Newsom’s Budget Revision Ignores Transit
Despite increasingly desperate pleas and op-eds from multiple quarters – including, most recently, a letter from a very long list of environmental groups, transportation reformers and even some transit agencies – Governor Gavin Newsom continued to completely ignore public transportation in his revised budget. If passed without amendments, Newsom’s revised budget would leave transit agencies facing a $6-8 billion deficit over the next 5 years.
But it’s not just advocates frustrated with Newsom’s budget. Senator Scott Wiener, Chair of the Housing Committee, released a statement criticizing the proposed budget. Wiener appears frustrated that the Governor recognizes the “fiscal cliff” that transit agencies face without offering more resources:
“If we don’t address the transit fiscal cliff, we will see massive and devastating transit service cuts, deeply harming the millions of Californians who rely on transit to get to work, school, or the grocery store. I’m disappointed the Governor’s revised budget proposal continues to cut billions in transit capital funding and disappointed the proposal continues to lack any funds to address the fiscal cliff,” said Wiener. “Public transportation isn’t optional, and failing to address the massive budget shortfalls our transit systems face would be disastrous for our state’s climate goals and Californians’ ability to get around. I’m grateful the Governor is committing to work with the Legislature to address this critical issue, and I look forward to collaborating to protect public transportation and the vital services it provides Californians.”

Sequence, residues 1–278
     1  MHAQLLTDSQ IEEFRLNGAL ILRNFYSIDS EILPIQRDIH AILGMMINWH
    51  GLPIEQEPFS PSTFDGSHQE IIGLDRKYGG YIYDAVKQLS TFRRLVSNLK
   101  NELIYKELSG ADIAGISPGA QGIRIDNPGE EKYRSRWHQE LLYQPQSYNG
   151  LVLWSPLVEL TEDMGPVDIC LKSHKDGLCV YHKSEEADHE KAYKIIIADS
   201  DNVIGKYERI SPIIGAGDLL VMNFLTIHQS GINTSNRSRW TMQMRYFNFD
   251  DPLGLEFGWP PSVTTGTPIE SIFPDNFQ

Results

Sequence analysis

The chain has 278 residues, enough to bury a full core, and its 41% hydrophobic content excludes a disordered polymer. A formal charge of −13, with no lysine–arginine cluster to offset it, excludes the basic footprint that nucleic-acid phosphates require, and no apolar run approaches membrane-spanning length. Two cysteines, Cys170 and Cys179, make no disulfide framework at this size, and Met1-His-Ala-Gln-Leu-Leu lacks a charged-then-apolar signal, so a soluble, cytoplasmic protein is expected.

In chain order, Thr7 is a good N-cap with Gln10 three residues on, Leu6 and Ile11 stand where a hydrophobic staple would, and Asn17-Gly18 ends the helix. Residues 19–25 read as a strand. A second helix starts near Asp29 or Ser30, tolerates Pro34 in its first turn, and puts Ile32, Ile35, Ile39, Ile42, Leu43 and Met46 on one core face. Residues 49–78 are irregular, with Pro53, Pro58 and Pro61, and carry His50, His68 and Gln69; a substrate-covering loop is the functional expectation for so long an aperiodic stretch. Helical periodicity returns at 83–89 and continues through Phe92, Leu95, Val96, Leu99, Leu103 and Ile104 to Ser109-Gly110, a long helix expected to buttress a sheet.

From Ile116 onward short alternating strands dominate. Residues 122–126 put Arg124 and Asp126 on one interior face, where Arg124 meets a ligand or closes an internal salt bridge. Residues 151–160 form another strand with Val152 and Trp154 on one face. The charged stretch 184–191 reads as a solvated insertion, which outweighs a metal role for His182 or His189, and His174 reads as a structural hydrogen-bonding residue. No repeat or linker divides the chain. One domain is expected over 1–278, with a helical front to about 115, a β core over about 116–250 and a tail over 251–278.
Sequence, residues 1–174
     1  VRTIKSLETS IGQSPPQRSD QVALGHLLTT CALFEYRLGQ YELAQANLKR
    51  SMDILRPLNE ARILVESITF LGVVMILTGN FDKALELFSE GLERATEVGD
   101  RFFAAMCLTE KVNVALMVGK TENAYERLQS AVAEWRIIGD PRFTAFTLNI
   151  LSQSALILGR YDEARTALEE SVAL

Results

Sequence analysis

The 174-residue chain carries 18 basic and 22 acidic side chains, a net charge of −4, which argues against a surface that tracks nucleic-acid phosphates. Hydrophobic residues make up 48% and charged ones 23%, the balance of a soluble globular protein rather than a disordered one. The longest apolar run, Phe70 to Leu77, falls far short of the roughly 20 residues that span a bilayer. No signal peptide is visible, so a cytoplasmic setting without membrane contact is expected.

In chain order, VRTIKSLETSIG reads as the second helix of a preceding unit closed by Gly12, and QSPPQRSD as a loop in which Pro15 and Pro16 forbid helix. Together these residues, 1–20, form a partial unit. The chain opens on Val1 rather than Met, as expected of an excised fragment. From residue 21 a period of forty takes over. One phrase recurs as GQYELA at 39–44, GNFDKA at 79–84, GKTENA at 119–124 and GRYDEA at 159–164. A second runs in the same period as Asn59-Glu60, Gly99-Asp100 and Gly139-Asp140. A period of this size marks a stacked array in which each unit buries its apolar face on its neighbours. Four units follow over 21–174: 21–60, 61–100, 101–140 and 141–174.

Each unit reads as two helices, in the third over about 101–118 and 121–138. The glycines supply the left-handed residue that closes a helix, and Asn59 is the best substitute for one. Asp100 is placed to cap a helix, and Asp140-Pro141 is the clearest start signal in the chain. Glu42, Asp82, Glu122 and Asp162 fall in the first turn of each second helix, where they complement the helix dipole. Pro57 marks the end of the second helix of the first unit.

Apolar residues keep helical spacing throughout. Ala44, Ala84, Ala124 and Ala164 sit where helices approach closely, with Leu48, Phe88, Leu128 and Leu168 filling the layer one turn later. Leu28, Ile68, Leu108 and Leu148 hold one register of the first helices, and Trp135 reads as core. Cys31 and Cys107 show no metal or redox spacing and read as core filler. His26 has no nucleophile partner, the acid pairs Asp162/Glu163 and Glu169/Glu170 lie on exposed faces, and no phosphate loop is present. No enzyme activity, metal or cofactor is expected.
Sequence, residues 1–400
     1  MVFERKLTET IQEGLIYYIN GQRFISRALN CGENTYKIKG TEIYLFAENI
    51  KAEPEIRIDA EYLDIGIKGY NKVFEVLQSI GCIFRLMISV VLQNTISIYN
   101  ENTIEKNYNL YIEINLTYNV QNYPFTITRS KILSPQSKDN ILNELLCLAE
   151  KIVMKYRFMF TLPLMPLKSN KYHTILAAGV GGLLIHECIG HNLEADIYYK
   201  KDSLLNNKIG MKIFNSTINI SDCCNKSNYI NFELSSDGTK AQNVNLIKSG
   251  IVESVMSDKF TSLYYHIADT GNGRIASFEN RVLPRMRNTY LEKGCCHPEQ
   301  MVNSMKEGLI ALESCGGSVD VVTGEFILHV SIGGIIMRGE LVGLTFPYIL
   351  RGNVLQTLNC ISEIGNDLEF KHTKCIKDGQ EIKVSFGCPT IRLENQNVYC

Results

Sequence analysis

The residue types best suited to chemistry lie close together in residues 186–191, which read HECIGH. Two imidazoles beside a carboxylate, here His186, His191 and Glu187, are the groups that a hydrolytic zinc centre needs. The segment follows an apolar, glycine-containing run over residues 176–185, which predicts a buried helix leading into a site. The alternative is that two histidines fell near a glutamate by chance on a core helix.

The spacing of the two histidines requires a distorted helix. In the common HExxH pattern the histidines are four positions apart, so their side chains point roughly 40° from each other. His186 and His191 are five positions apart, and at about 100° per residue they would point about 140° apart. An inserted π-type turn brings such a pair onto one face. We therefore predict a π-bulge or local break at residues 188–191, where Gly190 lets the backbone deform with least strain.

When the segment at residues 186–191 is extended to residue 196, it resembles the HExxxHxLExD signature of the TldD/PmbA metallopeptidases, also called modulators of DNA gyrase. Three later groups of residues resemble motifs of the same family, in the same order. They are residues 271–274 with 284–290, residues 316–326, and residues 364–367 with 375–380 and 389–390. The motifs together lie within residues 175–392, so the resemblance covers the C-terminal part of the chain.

With federal pandemic relief funds due to expire soon, transit agencies across the state are facing a projected budget shortfall estimated at $6-8 billion over the next 5 years. The problem affects major agencies up and down the state like LA Metro and BART. Without state funding, agencies will be forced to begin service cuts later this year, with MUNI projected to begin cutting 20 bus lines later this summer. In the worst case, service cuts lead to further loss of revenue and more service cuts, in a death spiral that would devastate the transportation system for years to come.
Wiener has an alternate proposal to the governor’s proposal which addresses the shortfall by increasing flexibility within existing transit capital programs, directing diesel tax revenues to transit operations, directing currently unallocated cap and trade revenues to transit operations, and directing a portion of the increase in federal highway funding to address fiscal shortfalls. These proposals would cumulatively have a General Fund impact of just $213 million in next year’s budget.